Framing Class, Vicarious Living, and Conspicuous Consumption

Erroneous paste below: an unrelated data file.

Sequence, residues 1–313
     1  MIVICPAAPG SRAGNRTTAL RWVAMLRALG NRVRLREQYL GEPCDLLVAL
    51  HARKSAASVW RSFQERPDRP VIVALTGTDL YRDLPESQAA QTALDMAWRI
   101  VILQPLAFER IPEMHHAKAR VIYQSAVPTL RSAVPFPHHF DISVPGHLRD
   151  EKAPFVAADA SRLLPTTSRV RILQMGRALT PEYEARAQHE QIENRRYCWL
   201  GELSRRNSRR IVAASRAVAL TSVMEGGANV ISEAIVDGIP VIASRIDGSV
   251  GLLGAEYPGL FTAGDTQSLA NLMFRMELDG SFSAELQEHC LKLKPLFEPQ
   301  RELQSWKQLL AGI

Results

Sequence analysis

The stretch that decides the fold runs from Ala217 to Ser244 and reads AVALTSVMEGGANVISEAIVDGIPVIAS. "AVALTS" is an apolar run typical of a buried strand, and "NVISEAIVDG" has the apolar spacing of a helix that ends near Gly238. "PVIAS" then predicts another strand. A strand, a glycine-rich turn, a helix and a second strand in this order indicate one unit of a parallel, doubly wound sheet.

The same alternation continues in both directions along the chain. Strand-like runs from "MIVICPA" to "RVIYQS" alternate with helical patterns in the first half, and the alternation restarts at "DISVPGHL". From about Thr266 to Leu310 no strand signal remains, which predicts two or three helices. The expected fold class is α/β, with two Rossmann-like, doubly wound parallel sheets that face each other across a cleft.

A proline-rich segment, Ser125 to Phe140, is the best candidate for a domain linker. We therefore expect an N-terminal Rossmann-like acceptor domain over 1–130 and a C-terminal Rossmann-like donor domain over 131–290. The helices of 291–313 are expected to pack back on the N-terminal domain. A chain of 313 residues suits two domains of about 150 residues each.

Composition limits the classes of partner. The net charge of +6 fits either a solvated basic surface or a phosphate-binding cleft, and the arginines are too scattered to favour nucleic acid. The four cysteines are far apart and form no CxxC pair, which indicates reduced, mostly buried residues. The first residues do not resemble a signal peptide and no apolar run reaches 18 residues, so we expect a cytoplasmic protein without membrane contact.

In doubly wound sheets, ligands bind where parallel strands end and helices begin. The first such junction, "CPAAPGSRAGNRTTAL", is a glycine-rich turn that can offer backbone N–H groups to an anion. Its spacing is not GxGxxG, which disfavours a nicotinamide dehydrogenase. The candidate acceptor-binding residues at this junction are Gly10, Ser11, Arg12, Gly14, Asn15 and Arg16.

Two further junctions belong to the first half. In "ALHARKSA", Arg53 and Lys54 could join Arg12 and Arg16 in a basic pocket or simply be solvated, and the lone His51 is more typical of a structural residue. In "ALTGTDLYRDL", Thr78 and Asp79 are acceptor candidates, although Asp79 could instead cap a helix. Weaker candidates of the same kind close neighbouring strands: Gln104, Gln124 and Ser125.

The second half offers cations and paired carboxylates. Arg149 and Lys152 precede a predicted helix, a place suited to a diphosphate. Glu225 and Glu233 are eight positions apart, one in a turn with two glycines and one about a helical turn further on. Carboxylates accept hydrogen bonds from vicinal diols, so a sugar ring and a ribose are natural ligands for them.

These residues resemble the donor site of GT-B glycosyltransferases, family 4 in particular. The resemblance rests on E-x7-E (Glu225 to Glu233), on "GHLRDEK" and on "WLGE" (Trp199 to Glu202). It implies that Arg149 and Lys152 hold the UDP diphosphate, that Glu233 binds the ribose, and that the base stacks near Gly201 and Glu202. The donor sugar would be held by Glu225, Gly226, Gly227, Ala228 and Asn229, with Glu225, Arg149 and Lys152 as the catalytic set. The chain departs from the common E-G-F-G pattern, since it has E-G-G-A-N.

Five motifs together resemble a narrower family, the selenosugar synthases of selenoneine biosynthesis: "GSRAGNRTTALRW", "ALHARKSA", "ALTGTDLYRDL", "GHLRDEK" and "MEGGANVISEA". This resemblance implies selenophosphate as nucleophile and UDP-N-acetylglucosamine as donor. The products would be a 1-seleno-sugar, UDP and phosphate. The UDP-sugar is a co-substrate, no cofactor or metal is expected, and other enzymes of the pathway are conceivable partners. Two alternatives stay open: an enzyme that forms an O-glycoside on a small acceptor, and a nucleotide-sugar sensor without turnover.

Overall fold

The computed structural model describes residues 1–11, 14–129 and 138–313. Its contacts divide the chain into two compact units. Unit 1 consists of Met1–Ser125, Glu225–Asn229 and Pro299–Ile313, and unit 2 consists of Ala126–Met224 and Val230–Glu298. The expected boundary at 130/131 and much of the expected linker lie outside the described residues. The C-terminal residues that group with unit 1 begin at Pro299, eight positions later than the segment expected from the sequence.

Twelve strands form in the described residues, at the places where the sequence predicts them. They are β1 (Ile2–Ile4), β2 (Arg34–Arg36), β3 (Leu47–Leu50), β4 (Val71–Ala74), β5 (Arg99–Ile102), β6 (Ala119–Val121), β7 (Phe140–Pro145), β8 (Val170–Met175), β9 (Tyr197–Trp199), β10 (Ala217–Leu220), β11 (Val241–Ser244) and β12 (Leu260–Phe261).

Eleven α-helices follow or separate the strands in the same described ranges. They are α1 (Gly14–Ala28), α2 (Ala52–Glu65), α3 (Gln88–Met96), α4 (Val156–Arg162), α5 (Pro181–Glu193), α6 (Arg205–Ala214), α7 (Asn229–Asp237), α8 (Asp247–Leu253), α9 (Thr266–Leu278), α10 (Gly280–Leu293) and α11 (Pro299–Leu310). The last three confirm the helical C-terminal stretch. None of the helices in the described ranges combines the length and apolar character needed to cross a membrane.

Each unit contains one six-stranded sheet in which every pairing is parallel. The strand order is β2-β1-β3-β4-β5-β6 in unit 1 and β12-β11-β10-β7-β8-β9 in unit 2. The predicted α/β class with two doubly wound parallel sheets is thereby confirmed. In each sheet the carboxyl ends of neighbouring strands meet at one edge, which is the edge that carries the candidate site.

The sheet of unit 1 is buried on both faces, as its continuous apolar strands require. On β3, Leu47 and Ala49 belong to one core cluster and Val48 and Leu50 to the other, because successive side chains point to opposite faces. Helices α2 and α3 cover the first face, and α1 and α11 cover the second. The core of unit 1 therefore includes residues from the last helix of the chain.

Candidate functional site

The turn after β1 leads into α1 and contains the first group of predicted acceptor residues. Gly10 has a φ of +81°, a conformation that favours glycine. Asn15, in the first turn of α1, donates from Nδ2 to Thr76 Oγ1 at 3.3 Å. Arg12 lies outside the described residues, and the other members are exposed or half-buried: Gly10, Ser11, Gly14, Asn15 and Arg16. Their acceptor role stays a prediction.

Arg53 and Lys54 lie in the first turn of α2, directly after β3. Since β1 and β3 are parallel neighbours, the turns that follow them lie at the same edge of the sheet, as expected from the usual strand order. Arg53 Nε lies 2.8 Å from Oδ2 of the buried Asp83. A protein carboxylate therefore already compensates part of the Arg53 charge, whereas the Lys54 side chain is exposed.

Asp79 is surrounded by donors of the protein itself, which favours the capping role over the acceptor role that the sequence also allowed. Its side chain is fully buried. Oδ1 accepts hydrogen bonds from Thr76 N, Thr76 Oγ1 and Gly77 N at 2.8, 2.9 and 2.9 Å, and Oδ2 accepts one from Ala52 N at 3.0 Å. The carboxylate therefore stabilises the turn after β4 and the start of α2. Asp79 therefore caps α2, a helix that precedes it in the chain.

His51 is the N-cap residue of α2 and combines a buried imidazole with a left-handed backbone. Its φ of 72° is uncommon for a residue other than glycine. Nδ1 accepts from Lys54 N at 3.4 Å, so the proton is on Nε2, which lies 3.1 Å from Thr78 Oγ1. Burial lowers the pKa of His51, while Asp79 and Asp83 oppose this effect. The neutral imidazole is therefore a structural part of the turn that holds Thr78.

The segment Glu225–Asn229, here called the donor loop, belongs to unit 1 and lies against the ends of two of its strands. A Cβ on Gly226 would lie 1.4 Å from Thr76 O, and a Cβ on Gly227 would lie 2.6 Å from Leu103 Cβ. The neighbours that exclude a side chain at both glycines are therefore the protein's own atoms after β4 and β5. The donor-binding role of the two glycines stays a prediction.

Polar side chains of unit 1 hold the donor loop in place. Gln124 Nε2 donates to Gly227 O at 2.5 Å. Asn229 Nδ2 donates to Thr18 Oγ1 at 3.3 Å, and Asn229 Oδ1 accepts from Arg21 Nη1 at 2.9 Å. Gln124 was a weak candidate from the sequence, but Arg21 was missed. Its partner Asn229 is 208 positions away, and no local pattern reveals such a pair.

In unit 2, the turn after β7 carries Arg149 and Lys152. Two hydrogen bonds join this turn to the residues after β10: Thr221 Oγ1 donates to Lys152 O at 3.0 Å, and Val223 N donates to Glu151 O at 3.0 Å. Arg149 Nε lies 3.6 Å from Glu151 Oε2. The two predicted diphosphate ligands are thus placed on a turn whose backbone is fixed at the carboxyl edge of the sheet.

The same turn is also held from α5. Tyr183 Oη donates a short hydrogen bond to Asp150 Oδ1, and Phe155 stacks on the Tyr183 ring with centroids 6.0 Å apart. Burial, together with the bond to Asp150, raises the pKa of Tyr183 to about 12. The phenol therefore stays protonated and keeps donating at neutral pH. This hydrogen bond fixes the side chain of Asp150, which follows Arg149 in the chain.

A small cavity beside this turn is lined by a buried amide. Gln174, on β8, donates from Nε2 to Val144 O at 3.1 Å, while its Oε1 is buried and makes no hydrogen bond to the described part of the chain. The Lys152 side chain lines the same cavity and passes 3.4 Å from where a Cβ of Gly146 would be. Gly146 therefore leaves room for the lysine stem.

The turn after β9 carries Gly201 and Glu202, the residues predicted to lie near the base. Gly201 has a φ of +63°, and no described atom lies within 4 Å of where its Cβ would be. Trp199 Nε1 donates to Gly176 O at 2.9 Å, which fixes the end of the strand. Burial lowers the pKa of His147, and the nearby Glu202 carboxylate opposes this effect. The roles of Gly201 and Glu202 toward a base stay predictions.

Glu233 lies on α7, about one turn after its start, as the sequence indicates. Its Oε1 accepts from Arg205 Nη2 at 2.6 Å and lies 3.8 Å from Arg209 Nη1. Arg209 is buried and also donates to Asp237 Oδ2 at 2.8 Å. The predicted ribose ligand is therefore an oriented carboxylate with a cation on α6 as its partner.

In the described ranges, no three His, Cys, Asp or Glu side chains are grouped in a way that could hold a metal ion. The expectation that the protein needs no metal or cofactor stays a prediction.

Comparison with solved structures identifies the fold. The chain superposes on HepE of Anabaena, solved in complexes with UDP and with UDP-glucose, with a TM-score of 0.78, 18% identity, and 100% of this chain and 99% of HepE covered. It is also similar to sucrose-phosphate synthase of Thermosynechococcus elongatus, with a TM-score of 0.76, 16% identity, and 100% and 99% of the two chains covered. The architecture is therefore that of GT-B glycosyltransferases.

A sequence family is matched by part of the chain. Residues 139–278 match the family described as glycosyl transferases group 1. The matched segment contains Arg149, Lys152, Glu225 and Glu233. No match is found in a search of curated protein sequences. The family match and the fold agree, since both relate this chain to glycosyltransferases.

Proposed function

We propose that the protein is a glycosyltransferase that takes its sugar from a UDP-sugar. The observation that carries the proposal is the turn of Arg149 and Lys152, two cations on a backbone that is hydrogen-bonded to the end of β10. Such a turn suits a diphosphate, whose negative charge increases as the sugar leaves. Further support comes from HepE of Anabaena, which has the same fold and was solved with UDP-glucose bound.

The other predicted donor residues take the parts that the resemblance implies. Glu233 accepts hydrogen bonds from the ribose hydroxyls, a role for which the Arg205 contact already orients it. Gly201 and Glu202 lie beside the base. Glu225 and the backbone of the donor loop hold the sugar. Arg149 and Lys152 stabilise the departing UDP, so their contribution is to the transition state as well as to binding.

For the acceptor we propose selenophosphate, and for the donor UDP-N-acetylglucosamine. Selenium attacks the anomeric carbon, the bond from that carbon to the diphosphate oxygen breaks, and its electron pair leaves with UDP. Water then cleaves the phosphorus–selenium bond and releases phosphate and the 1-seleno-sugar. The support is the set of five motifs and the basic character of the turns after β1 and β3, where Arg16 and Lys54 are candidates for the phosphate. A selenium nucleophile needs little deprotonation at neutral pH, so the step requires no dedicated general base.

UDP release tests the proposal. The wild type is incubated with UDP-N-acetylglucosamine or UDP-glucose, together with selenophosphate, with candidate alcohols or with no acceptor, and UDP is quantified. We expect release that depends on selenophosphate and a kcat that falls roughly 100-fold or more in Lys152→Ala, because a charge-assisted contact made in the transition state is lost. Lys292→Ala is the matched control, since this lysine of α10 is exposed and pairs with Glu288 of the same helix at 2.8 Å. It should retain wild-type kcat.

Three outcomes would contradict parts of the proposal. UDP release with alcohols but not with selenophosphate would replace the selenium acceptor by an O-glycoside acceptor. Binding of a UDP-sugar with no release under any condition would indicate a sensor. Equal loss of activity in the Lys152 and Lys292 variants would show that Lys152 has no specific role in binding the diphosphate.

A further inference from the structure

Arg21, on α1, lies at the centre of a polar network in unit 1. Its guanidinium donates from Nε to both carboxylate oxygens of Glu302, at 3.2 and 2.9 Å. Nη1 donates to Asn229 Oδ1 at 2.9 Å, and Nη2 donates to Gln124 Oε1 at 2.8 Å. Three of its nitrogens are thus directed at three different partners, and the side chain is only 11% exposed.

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The media tends to trivialize issues of class and to downplay the existential problems poverty entails. Diana Kendall’s chapter from her 2005 monograph Framing Class: Media Representations of Wealth and Poverty in America explains how media consumption leads viewers to identify with the way other people, usually those belonging to a superior class, live. This occurs through a set of frames. These frames, in turn, affect how we think about class divisions and economic inequality, how we relate to the affluent and the poor. Each frame, Kendall proposes, is organized through a set of stereotypes and metaphors. Class representations are filtered through a number of frames, which are organized hierarchically: from top to bottom.